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April 8, 2007

My secret identity....

So for the last three weeks I have been an Easter Bunny at the Twelve Oaks Mall.



Being the Easter Bunny is one of the hardest jobs I've ever had. The head is burdensome and hot and constantly threatening to fall off. It provides very little vision which is limited to only that which is directly in front of you. The Easter Bunny wears a hollow fat suit under his clothes, thus holding babies is very difficult. And some of their mothers were stupid and would throw their fat babies on me and walk away for like ten minutes at a time while my arms went numb and I desperately tried not to drop them...

I could go on, but in the spirit of Easter, I will point out some of the sweet things about being the Easter Bunny. Kids from about 4 to 8 think the bunny is simply amazing. They would hug me and give me hi-fives and ask if I liked carrots. Some kids don't want to leave, rather they wanted to sit next to me all day and they cried when their parents made them go. Others asked if I would remember that they would be out of town for Easter. Some very considerate children would tell me about their siblings, who weren't there, so that they wouldn't be forgotten. Children also bring lots of letters and drawings for the bunny...








The effect of commercialism is very apparent as quite a few kids ask the bunny for Nintendo Wii's, new bikes and Heelies. But many kids still ask for candy, eggs, stuffed toys and bubbles.

Being the Bunny was a very surreal experience. It's strange to have children believe you are a giant rabbit. Some of them believe in the giant rabbit with all their heart, like only a child can. I think that the ability to believe in the impossible is the most beautiful thing that we lose when we grow up.

When I would take off the suit and walk around the mall I would see the same children and parents who had just visited the bunny. Sometimes they would end up next to me in the food court and they'd be playing with the toys I had just handed them. Neither they nor their parents had any idea I had just posed for a picture with them, a picture they will keep and look at 30 years from now. It's a funny thing to be in hundreds of family photo albums and not be at the same time.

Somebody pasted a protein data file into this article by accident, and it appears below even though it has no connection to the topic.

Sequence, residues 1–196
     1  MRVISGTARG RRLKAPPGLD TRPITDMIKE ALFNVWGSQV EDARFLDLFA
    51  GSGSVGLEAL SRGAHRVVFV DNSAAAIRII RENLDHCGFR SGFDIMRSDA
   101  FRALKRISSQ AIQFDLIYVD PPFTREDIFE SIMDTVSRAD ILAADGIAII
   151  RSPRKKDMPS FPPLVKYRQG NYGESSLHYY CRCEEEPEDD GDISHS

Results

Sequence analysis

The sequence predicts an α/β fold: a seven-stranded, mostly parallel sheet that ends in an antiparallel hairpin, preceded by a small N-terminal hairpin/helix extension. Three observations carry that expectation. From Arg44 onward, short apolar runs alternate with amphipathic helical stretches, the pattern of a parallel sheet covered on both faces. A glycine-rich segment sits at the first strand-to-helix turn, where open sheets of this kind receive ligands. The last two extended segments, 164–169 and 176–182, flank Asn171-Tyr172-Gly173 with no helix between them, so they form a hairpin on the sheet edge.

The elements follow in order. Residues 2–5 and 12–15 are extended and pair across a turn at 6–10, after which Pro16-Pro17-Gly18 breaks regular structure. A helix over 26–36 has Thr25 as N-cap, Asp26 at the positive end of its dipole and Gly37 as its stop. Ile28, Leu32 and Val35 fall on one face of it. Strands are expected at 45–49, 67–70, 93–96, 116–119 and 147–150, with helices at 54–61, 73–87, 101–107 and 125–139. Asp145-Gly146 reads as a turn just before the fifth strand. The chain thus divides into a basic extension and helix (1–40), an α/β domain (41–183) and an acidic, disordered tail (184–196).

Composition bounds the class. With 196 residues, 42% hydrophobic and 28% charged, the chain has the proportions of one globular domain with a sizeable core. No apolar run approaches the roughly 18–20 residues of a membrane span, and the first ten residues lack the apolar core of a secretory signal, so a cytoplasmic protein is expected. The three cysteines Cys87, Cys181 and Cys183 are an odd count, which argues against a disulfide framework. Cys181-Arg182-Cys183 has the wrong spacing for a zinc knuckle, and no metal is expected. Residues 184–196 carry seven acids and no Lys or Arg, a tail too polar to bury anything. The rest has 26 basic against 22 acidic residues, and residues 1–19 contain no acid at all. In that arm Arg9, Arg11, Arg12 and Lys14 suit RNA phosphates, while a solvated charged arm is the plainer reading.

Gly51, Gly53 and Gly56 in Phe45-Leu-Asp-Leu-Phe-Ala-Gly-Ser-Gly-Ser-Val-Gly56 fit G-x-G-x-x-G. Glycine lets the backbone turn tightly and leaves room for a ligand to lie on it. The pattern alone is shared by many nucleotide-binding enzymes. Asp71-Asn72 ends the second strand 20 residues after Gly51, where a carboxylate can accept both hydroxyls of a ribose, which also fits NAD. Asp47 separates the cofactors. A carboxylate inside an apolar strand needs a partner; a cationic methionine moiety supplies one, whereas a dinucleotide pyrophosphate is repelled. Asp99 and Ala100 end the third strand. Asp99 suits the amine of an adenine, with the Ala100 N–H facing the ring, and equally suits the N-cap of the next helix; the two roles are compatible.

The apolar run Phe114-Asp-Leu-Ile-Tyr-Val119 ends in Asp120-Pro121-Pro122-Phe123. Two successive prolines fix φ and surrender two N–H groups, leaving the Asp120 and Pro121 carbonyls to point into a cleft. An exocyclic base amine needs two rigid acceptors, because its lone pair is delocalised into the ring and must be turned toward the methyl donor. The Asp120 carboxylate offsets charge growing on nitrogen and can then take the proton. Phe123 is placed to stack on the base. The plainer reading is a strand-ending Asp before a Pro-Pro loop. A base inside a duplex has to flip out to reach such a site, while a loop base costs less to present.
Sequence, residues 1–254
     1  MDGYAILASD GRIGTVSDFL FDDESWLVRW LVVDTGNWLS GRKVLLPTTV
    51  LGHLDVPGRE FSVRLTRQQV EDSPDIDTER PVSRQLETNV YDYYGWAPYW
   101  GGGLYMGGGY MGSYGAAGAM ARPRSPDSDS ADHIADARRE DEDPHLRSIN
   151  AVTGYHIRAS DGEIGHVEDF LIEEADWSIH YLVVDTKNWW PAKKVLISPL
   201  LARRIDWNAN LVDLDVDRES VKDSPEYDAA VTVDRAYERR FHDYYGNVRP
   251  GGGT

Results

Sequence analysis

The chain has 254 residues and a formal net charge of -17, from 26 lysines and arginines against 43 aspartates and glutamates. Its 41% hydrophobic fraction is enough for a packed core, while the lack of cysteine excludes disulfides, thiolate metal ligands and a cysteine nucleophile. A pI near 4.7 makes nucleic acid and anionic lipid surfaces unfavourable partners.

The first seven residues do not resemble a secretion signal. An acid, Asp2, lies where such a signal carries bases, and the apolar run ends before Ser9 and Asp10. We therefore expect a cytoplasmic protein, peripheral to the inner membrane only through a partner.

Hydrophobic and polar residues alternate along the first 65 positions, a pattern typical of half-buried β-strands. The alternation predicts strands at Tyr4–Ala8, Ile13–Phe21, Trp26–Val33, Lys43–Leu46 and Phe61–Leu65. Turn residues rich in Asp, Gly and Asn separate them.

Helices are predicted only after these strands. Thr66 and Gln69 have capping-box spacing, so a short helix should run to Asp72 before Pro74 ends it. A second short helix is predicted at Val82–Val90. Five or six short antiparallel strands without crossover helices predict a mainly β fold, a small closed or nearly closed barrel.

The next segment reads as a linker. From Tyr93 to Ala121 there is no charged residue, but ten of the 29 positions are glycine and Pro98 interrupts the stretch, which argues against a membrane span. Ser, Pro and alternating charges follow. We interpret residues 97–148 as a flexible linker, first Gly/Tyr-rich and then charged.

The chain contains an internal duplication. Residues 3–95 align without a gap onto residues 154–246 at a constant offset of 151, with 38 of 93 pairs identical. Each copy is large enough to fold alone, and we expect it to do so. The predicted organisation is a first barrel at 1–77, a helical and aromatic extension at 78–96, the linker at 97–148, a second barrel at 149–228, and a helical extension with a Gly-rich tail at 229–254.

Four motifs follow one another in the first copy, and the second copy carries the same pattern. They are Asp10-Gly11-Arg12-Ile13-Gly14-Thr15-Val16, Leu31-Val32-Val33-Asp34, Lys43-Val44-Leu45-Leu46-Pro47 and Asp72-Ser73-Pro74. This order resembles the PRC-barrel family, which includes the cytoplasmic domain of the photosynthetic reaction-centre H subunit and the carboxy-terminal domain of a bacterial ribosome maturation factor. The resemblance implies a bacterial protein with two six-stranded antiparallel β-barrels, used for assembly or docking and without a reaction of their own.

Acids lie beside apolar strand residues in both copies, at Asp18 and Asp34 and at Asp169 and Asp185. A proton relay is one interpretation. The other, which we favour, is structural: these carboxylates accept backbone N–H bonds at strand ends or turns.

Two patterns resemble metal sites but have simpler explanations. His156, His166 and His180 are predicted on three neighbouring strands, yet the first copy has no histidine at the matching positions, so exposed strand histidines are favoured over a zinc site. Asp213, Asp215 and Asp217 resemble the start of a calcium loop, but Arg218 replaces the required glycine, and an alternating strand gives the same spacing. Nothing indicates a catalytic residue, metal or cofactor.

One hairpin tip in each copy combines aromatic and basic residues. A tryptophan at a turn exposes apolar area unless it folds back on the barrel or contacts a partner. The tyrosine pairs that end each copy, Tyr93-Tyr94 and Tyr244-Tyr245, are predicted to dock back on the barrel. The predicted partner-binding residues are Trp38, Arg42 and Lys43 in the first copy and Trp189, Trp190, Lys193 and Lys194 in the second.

Posted by audrey at April 8, 2007 5:05 PM

Comments

wow what a cool employment experience.

Posted by: outobol at April 8, 2007 7:56 PM

I can relate to so much of this! I was Chuck E. Cheese quite a bit when I worked there.

It always would bum me out to come out of the changing closet and see kids that had been so excited a few minutes ago to just look at me like a stranger. It's a very weird experience.

Posted by: Cory Weaver at April 8, 2007 10:09 PM

this is a classic entry. BOOKMARKED.

Posted by: nicole at April 8, 2007 11:15 PM

wow, i really love it.

Posted by: steph at April 10, 2007 12:57 AM

i wish i had a job like that.

Posted by: sara at April 10, 2007 7:46 PM

Wow, great job. It sounds like you had fun. I think it's really cute that the kids gave you cards and stuff. That is a very interesting thing you said about being in hundreds of family photos, I never thought about it like that before (my mom still has all the pictures of me with Santa as a kid).

I can relate to the losing the ability to believe in the impossible when growing up, that's actually one of the themes of my book.

Nice picture!

Posted by: Dan H. at April 11, 2007 11:06 AM

That was simply precious

Posted by: Eric at April 30, 2007 4:36 PM

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